Chappell and Lavalle point to research showing "that small farms using alternative agricultural techniques may be two to four times more energy efficient than large conventional farms." Perhaps most interesting is that they also found studies demonstrating "that small farms almost always produce higher output levels per unit area than larger farms." One of the studies they looked at concluded that "alternative methods could produce enough food on a global basis to sustain the current human population, and potentially an even larger population, without increasing the agricultural land base."

This is in part because the global food shortage is a myth. The fact that we live in a world where hunger and obesity are both epidemic shows that the problem is more one of equity and distribution than shortage. With globalized food markets and large-scale farming, those with the most money get the most food.

It's a crucial issue that requires more study, and the challenges of going up against a large industrial force are many, but it's hard to disagree with Chappell and Lavalle's conclusion: "If it is ... possible for alternative agriculture to provide sufficient yields, maintain a higher level of biodiversity, and avoid pressure to expand the agricultural land base, it would indicate that the best solution to both food security and biodiversity problems would be widespread conversion to alternative practices."

We need to grow food in ways that make feeding people a bigger priority than generating profits for large agribusinesses.

June 16, 2011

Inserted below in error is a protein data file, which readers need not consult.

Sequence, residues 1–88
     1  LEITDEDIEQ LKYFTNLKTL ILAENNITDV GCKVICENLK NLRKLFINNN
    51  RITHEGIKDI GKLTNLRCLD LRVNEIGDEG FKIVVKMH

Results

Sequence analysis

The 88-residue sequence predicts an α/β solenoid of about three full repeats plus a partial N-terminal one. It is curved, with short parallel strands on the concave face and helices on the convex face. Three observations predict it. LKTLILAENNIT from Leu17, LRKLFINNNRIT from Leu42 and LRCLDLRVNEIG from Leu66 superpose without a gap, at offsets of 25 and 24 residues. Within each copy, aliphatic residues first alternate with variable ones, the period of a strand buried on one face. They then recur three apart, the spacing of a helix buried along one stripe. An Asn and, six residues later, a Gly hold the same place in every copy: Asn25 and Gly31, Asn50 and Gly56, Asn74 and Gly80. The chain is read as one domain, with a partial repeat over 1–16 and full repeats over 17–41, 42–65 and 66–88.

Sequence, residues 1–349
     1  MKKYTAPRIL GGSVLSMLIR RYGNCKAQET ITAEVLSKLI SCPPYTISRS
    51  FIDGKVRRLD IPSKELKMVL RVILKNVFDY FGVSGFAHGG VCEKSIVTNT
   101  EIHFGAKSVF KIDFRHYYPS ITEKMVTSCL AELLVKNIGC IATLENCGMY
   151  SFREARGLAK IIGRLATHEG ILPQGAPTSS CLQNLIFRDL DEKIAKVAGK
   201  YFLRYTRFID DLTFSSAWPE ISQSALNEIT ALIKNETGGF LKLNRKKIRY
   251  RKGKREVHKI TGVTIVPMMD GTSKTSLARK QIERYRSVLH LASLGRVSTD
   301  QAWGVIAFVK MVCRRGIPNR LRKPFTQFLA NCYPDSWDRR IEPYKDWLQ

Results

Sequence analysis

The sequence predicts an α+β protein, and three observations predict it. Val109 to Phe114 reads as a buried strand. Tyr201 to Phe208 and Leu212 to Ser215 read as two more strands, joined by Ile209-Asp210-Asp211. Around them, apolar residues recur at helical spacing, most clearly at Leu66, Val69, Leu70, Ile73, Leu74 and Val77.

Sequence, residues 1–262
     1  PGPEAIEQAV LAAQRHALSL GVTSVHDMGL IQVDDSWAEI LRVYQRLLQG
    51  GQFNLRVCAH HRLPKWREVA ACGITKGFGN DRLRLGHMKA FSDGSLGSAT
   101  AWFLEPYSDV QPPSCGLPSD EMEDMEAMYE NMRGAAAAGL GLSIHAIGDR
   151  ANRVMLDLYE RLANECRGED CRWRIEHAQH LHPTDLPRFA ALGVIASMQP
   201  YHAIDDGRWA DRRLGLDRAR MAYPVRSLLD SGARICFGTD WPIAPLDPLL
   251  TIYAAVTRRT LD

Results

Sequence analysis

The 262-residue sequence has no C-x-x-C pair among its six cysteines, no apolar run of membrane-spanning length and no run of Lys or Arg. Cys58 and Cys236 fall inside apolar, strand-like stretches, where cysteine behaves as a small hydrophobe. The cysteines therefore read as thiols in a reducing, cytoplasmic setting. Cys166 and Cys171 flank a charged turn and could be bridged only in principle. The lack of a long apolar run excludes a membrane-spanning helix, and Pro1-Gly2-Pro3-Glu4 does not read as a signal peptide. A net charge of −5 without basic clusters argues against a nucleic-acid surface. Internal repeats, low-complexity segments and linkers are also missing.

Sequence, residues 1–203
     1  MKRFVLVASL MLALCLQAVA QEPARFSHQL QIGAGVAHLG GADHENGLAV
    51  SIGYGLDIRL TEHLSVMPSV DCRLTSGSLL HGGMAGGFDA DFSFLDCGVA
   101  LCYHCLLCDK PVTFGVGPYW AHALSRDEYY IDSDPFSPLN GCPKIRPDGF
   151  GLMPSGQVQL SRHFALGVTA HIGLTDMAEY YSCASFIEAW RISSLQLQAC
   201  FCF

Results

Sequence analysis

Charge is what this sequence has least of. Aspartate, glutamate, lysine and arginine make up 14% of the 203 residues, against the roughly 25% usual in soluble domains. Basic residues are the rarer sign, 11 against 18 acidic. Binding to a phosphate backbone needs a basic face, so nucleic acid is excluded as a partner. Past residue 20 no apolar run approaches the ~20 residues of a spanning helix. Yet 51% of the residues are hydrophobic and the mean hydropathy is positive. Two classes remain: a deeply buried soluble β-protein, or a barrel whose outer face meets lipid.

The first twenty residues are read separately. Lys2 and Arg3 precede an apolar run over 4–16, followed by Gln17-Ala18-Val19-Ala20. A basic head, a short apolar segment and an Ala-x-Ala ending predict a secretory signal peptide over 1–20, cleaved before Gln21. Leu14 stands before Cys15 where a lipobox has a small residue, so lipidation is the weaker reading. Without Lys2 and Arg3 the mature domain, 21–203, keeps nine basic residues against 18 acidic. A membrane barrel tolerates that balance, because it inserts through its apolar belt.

Read more

Post a comment


Sep 11, 2013
6:22 PM

I would be interested in information about GMOs and what they are doing to our health and the planet.

Jun 24, 2011
5:44 PM

If I’m going to own farm over the next year, I’m going to use animal feces for energy, heat and fertilizer. Also, using animals in plowing Instead of using alternative agricultural techniques would save a lot of energy such as electric energy, fuel. Moreover, using animal feces would save the environment from carbon Emissions which will affects on the global warming.

Jun 17, 2011
4:48 PM

It is good to see that the rest of the world is catching up, but are things going to change? Don’t think so. We all know that the greedy multi national companies are running the planet.

Jun 17, 2011
2:31 PM

I grew up on a mixed farm in Alberta and my parents were honored as Master Farmers. I believe in small family run farms, and in neighbors helping one another at harvest time and sharing heavy equipment. I worked overseas and saw the value and viability of small farms. District Agriculturists, Home Economists and small demonstration Experimental Farms are invaluable. So are Agricultural Fairs, nearby High Schools and Agricultural Schools. Busing students to large Consolidated High Schools, like Agribusiness destroys community spirit and rapes the land. Marketing of vegetables and fruit requires small refrigerated containers to place on trains and small trucks, and opened at midweek, weekly Farmers’ Markets, and free trade between provinces. Myrtle Macdonald

The David Suzuki Foundation does not necessarily endorse the comments or views posted within this forum. All contributors acknowledge DSF's right to remove product/service endorsements and refuse publication of comments deemed to be offensive or that contravene our operating principles as a charitable organization. Please note that all comments are pre-moderated. Privacy Policy »